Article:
Skip to content

October 4, 2009

Ajax/Prototype: Use onComplete to separate Javascript client code from HTML page

by Joe Kuan

PrototypeSuppose that you use Ajax.Updater to update the HTML content inside a DOM element. Usually, the HTML forms or table entries require a bit of embedded Javascript code for the event handlers. However, using the onComplete property can give a nice separation between the HTML page and Javascript code.

Here is an example of an HTML page with psuedo code of embedded event handlers

<FORM name=pizza_menu id=pizza_menu>
    Pizza: <SELECT name=price onChange='updatePrice($("pizza_menu"));'>
              <OPTION value=9.99>Large Pepperoni</OPTION>
              <OPTION value=6.99>Medium Peperroni</OPTION>
              <OPTION value=3.99>Small Pepperoni</OPTION>
    Price each: <SPAN ID=price_each ></SPAN><BR/>
         Quantity: <SELECT name=quantity onChange='updatePrice($("pizza_menu"));'>
              <OPTION value=1>1</OPTION>
              <OPTION value=2>2</OPTION>
              <OPTION value=3>3</OPTION>
    Total: <SPAN ID=total></SPAN><BR/>
    <INPUT TYPE=button name=order value=Order onClick='order($("pizza_menu"));'>

Then call Ajax.Updater(‘menu’, ‘menu.html’)

Alternatively, we can separate the Javascript and HTML as

Ajax.Updater('menu', 'menu.html', {
       onComplete: function (t) {
           $('pizza_menu').price.onChange =
           $('pizza_menu').quantity.onChange = function ( ) {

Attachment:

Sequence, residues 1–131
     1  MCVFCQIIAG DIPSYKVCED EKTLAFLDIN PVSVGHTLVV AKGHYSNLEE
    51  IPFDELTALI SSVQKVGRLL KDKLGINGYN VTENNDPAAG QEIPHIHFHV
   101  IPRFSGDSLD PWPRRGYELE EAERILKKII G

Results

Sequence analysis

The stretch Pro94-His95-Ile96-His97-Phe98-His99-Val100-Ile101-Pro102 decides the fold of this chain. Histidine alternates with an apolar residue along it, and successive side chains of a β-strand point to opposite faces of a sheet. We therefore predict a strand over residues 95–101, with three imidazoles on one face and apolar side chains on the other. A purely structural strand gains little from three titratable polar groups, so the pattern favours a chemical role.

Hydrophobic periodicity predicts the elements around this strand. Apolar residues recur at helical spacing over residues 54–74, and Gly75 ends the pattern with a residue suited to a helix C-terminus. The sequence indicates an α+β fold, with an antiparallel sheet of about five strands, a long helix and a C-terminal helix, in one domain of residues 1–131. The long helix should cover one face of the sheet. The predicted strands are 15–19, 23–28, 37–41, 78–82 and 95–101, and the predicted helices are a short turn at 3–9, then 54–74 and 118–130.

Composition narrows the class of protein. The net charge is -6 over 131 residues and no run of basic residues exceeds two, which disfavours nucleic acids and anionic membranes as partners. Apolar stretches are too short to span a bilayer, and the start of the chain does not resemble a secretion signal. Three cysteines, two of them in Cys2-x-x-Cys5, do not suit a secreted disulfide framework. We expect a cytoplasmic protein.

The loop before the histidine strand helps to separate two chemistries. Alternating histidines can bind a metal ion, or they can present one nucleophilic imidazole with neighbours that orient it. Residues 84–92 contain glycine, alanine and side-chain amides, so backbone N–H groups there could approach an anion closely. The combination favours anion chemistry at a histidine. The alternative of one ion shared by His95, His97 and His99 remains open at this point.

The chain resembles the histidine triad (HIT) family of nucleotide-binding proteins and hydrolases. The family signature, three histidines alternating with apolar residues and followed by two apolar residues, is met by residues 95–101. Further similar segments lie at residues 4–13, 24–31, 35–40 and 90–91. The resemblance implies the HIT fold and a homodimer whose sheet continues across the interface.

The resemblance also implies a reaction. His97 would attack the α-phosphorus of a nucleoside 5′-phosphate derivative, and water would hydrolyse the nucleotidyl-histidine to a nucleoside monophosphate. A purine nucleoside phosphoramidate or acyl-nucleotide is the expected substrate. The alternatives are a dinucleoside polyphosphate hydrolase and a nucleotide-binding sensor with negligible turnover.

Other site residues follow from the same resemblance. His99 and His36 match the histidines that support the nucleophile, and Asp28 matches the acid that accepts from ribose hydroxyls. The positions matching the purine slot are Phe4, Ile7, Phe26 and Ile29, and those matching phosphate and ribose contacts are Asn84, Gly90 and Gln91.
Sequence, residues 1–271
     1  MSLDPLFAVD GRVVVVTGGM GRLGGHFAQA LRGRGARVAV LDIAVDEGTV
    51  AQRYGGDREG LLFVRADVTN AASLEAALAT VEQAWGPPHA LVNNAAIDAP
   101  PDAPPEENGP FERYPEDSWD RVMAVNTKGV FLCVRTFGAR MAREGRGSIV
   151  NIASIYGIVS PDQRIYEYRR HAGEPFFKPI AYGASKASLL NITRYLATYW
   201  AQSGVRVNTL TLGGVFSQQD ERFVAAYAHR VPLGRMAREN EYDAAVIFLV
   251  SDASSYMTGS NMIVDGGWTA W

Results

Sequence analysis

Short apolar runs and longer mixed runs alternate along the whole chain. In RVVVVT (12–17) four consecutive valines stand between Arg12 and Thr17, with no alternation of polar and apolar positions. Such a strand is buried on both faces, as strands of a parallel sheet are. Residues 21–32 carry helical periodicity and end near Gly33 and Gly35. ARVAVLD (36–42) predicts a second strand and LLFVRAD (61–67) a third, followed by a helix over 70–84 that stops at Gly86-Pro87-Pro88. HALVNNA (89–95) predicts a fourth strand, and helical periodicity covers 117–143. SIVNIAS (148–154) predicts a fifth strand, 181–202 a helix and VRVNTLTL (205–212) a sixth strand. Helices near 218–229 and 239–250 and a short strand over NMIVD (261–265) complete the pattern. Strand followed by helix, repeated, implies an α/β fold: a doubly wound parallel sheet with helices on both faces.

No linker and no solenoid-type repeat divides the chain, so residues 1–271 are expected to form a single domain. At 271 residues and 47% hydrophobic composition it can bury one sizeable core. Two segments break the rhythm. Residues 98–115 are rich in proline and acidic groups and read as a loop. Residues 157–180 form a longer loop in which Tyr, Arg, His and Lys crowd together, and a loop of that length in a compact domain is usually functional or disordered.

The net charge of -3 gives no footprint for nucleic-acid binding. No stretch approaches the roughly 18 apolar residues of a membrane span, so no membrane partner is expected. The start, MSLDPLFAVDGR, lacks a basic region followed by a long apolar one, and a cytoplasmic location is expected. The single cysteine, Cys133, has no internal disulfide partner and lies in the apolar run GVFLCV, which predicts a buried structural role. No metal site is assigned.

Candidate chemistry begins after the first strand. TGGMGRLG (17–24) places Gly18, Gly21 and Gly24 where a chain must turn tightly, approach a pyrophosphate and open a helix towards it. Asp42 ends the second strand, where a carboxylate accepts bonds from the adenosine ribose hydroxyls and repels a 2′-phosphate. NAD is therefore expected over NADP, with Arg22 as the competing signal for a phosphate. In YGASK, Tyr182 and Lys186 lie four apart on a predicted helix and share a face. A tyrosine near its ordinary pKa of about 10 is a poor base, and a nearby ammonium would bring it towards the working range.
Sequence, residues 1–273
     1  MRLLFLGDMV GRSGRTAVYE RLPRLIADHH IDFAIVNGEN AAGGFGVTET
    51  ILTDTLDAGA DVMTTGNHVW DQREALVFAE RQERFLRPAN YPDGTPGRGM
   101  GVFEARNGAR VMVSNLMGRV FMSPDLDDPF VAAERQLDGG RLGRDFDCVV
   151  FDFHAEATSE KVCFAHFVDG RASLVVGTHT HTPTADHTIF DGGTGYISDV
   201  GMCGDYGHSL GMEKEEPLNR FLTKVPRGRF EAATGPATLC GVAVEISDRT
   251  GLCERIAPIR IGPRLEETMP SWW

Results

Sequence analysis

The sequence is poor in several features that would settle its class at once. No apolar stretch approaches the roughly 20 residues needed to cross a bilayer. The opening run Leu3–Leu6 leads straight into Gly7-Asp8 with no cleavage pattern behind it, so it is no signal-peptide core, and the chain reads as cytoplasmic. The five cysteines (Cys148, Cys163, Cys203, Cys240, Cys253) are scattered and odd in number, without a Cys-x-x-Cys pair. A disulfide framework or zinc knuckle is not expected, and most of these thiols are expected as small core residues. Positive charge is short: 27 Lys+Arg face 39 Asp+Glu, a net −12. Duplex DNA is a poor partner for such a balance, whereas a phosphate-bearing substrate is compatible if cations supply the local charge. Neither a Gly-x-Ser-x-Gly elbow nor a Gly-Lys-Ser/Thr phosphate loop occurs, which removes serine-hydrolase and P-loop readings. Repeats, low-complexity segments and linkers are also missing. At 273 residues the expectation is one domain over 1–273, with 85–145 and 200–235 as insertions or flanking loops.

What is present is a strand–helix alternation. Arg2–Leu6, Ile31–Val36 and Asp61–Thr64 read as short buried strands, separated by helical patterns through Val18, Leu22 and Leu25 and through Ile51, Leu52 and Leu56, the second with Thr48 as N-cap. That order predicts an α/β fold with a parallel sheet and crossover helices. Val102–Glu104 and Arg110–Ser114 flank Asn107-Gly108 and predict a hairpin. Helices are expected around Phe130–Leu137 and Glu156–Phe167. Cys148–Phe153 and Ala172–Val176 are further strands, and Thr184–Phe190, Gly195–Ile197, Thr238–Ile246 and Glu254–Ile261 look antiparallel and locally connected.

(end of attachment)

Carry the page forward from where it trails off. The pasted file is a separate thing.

$('pizza_menu').order.onClick = function ( ) {

DOM ScriptingThe menu.html can remain as pure HTML code without any Javascript. This kind of approach is also encouraged in the book, “DOM Scripting, Chapter 5, Best Practices”. Arguably, this is a matter of personal preference but I personally found it useful especially in the conditions of using Ajax.Updater.

I work for iTrinegy and here are my other Prototype blogs


Leave a Reply

Fill in your details below or click an icon to log in: Logo

You are commenting using your account. Log Out / Change )

Twitter picture

You are commenting using your Twitter account. Log Out / Change )

Facebook photo

You are commenting using your Facebook account. Log Out / Change )

Google+ photo

You are commenting using your Google+ account. Log Out / Change )

Connecting to %s

Note: HTML is allowed. Your email address will never be published.

Subscribe to comments

%d bloggers like this: